It took me a few listens to get my head around the psychedelic madness of Wooden Shjips' eponymous EP. This crazy slice of reverb pie made me have the sudden urge to put on my best mod apparel, hop on a Vespa and cruise angrily around town. That is what makes this San Francisco group a bit of a mind fuck. Infusing pysch and garage rock with a bit of mod frosting might taste a bit odd at first, but in the end the aftertaste is quite delicious.
To help ease into the album, Wooden Shjips start off with the somewhat easy to digest "We Ask You To Ride." It is lo-fi, with a slinky bass line and a creepy circus organ that brings Jonathan Fire Eater to mind. If that band doesn't ring a bell, search for them on the interwebs. You can thank me later. While the vocals remain minimal and pushed to the back, Erik "Ripley" Johnson's dead on Jim Morrison delivery is chilling. Once he launches into an acid-fueled guitar solo, just close your eyes and enjoy the ride.
"Losin' Time" drops any danceable mod flavor for a dirty, fuzzy, droaned out vibe that would work right along with Austin's Black Angels. It is that great combination of old school metal and psych rock blended together in a haze of guitar solos that shows their talent in both minimalism and improvisation. The repetitiveness of the melodic line carried by Nash Whalen's organ, Dusty Jermier's bass and Johnson's guitar is insanely trance inducing.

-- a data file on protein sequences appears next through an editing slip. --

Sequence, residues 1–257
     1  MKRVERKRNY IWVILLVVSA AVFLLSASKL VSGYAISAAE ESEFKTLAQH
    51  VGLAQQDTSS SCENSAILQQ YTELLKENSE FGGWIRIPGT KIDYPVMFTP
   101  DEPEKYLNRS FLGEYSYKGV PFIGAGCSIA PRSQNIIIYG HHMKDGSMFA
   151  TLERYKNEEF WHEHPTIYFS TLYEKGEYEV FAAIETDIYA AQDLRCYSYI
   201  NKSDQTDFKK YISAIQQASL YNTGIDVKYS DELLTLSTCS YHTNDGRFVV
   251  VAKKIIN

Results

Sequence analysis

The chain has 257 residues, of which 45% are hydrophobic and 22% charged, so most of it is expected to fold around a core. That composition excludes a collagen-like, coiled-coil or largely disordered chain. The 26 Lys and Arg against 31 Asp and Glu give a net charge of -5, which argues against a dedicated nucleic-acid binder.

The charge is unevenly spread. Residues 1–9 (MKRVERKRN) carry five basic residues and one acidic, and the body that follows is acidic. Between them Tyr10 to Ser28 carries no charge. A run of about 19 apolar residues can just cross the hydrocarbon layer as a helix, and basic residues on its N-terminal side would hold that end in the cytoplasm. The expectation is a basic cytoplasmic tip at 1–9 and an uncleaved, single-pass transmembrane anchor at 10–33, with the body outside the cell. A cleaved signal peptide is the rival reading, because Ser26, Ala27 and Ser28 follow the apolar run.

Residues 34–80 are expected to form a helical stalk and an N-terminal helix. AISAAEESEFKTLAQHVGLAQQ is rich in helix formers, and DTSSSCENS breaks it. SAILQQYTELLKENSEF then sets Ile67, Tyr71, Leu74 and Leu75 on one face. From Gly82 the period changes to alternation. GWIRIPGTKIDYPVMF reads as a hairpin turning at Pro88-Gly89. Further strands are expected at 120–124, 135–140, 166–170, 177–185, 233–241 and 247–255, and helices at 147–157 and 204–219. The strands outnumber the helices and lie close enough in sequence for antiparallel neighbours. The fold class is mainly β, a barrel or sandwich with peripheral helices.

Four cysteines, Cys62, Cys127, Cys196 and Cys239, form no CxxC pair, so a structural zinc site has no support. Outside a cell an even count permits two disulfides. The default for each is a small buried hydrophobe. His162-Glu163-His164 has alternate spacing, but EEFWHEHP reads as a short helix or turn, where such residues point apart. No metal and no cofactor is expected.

The five song EP concludes with "Shine Like Suns," taking us on a ten-minute journey through the Velvet Underground realm of drone rock. The steady pulse of the bass focuses on a single note, while the organ and guitar never drift far from that central location. When Johnson's guitars add a layer of distortion, causing the song to grow in intensity, I'm almost reminded of bits and pieces of Spiritualized, if Jason Pierce had gone lo-fi and listened to The Doors for days and days.
While I doubt that Wooden Shjips will get frequent listens on my headphones, I'm glad it is here when the desire to space out calls upon me. They have definitely captured my attention, and I am curious to see what this San Francisco quartet could do with a full album. Now if you'll excuse me, I have the sudden urge to throw on an Andy Warhol film.
"We Ask You To Ride"